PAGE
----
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Revamped Senate drug pricing package is a little better for seniors

Revamped Senate drug pricing package is a little better for seniors

WASHINGTON — Leaders of a key Senate committee unveiled a new version of a sweeping, bipartisan drug pricing bill Friday, and they’ve devised a novel plan to get it signed into law.

The bill hasn’t changed much from the version that was narrowly passed out of the Senate Finance Committee in July — though a handful of tweaks offer further benefits to seniors. Since then, however, the bill’s political prospects have grown brighter, particularly after key Trump administration officials endorsed it over a far more progressive proposal from House Speaker Nancy Pelosi.

Lawmakers have also devised a unique ploy to get the legislation, which has been stalled in the Senate, to the president’s desk: Using it to help offset the costs of a slew of health programs, many of which would otherwise close at the end of the year without a funding boost.


Broadly, the package would cap what seniors can pay out of pocket for drugs and penalize drug makers that hike their prices more than inflation. It would also rework the way the government splits up Medicare drug costs between the senior, insurers, drug makers and the government.

Friday’s unveiling comes as both Democrats and Republicans on Capitol Hill — as well as key White House staffers — ramp up their interest in passing drug pricing legislation before the end of the year. The House will vote on Pelosi’s proposal next week, but that bill, which would let Medicare negotiate the prices of some drugs, is fiercely opposed by Republicans and unlikely to get a vote in the Senate. House Republicans also unveiled their own drug pricing package in a closed-door meeting Friday morning, but that package is unlikely to gain House Democrats’ support.

It is up to Senate Majority Leader Mitch McConnell (R-Ky.) to decide whether to hold a vote on the Senate package. In a press statement Friday, the committee’s chairman Chuck Grassley (R-Iowa) all but dared McConnell to do so, albeit without naming him directly.

“Congress has the opportunity to deliver a real, concrete win for the American people,” Grassley said. “Now it just needs to show courage and finally act.”

“It should get a vote soon,” he added.

Staff for the Finance Committee emphasized Friday they hope coupling the drug pricing package with funding for the health programs — known as extenders — will help convince McConnell to hold a vote.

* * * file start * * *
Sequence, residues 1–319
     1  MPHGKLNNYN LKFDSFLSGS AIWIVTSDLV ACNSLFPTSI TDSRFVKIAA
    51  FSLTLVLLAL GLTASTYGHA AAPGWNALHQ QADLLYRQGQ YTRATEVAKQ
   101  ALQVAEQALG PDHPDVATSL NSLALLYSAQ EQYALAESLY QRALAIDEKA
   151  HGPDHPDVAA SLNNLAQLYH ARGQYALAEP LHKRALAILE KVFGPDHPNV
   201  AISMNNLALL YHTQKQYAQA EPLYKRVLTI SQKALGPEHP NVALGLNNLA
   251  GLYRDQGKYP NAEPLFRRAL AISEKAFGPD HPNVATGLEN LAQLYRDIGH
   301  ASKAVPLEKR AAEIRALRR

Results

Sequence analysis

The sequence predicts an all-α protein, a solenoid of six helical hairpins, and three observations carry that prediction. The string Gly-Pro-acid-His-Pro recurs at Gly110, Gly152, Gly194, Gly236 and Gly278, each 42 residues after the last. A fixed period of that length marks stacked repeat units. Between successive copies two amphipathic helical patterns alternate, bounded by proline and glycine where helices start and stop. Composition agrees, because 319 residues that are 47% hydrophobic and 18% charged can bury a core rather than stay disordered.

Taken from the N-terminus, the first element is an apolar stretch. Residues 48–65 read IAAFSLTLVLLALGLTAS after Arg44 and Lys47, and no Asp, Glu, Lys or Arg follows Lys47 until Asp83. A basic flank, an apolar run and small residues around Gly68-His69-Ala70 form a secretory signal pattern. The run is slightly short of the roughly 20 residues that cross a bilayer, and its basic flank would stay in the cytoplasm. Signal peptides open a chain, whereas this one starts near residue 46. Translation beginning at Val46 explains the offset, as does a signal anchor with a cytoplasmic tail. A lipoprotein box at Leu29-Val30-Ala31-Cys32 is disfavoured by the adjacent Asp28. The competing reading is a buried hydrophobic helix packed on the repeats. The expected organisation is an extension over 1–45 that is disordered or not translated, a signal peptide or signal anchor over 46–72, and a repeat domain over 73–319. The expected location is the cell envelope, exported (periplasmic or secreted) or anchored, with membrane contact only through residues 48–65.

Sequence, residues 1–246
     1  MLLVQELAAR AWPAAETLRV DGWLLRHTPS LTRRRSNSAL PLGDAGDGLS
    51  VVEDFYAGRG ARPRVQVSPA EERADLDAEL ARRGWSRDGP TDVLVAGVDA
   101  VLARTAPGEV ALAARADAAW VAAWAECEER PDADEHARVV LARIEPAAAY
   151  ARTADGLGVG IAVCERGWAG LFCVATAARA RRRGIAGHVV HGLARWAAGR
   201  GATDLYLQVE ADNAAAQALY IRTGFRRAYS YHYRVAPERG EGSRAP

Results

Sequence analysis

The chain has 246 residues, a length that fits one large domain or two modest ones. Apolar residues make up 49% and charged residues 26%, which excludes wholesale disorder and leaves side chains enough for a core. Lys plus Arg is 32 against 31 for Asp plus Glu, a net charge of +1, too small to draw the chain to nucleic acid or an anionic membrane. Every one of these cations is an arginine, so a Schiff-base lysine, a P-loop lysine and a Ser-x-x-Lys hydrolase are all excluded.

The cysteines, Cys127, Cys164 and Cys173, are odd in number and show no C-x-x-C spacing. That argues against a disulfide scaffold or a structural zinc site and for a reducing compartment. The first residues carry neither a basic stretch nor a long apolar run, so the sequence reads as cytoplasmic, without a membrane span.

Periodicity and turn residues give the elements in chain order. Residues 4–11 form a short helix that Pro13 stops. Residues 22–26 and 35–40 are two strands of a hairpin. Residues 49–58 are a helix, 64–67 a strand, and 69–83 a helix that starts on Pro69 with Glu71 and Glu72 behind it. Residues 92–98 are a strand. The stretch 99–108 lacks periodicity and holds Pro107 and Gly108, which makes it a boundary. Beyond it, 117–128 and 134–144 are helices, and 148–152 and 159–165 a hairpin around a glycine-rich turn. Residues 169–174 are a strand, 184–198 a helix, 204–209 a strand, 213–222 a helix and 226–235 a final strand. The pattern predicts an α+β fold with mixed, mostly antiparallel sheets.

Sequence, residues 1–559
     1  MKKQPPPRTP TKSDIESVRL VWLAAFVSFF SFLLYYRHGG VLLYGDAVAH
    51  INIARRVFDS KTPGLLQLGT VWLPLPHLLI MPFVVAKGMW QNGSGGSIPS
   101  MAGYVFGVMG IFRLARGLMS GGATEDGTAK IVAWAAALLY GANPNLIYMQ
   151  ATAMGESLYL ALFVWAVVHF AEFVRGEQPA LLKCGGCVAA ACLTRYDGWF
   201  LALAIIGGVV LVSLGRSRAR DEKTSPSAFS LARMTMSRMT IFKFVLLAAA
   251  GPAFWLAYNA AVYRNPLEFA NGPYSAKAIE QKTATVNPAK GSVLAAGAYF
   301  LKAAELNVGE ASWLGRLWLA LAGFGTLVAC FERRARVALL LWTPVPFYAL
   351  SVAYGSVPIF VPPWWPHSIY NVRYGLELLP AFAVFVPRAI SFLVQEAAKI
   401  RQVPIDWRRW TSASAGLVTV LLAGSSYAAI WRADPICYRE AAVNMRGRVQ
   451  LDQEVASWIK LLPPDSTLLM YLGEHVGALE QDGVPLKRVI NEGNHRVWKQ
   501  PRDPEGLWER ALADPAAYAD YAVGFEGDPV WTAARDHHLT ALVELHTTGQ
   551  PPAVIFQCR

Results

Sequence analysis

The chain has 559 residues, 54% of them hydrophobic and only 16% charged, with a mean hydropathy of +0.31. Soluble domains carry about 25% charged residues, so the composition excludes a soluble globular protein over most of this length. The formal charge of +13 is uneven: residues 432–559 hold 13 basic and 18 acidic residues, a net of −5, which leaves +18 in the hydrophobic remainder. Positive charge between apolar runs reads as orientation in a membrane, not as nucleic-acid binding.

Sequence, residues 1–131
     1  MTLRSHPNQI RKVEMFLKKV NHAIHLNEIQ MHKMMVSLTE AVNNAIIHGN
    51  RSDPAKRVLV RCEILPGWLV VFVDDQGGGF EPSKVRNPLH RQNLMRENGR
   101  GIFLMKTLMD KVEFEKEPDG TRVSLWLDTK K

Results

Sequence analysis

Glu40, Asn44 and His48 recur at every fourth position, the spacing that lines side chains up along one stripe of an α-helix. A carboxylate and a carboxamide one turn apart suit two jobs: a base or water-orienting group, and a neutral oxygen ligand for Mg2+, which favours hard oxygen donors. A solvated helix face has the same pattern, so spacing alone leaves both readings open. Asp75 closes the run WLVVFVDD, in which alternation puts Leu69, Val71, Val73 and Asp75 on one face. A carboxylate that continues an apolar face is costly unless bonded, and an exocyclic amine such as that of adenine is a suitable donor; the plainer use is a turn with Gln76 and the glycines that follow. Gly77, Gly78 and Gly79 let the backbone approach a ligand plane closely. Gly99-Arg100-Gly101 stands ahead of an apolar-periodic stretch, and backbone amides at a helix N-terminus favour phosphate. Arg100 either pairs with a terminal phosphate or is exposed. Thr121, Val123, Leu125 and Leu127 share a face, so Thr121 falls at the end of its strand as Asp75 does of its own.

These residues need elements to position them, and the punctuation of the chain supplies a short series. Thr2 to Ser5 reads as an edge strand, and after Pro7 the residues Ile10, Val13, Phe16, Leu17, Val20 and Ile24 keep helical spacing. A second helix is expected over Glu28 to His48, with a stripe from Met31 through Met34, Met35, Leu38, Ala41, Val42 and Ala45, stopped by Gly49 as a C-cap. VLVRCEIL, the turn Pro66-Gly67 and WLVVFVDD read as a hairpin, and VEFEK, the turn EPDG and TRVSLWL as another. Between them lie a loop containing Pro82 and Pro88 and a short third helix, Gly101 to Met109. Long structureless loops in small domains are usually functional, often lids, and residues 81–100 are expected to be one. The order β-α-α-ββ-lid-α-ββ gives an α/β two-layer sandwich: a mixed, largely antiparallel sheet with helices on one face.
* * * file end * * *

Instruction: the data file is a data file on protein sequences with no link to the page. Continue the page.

“This legislation also solves other problems of leadership’s, with all the extenders. So that should be helpful,” a Finance committee aide told STAT.

The drug pricing package and a slew of extender money, like three years’ worth of funding for the Temporary Assistance for Needy Families (TANF) program and four years’ worth of funding for Puerto Rico’s Medicaid program, will be introduced as one bill, with the roughly $100 billion in savings generated from the drug pricing bill being used to pay for the health programs, aides confirmed Friday.

The White House is ratcheting up the pressure on McConnell, too. In an op-ed Friday, Domestic Policy Council Director Joe Grogan and Council of Economic Advisers Acting Chairman Tomas Philipson emphasized that if the Senate passed the Finance package, Trump would sign it into law.

“It is within our grasp to provide a real win for Americans worried about the high price of prescription drugs — if Congress can get it across the finish line before the end of the year,” Grogan and Philipson wrote.

The long-awaited text of the Finance package remained largely unchanged since the bill was passed by the committee in July.

Most of the changes are meant to make it even easier for seniors with high drug costs to afford their drugs. The new bill, for example, would allow seniors to pay their tab for medicines  over the course of a year, rather than being forced to pay immediately at the pharmacy counter.

It would also lower the percentage of drug costs seniors must pay after they meet their insurance deductible. Under the plan released Friday, seniors would be responsible for 20 percent of those costs, which is down from 25 percent under the plan passed in July.

There’s a small win tucked in there too for drug makers, too.

Under the newly released plan, drug makers, starting in 2022, will also be able to spread out their own Medicare bills, too. Instead of picking up 20 percent of a senior’s drug costs after seniors rack up $3100 in drug bills — during what is known as the catastrophic coverage phase —  they will now owe 14 percent. However, they will now also be responsible for paying 7 percent of a senior’s drug costs when they meet their deductible.

Committee staff explained that the change was meant to address concerns from small drug makers about huge liability in the catastrophic phase, but emphasized that drug makers writ large will end up owing the same amount they owed under the July proposal.

“We’ve heard from some companies that for certain drugs …, that if we have all of the liability in the catastrophic phase, it was basically an unfair penalty,” a committee aide told STAT.

Perhaps most notable, however, is what did not change in the package since it was narrowly passed in July: a hotly contested provision meant to prevent drug makers from increasing their prices each year by more than inflation. It’s still in.

In July, Republicans on the committee forced a 14-14 vote that narrowly failed to strip that provision out of the bill. Despite those long-held concerns, staff appeared intransigent Friday.

“It is critical, and essential, I cannot stress enough, that the inflation rebate in Part D remain in any final package,” a committee staffer told reporters.

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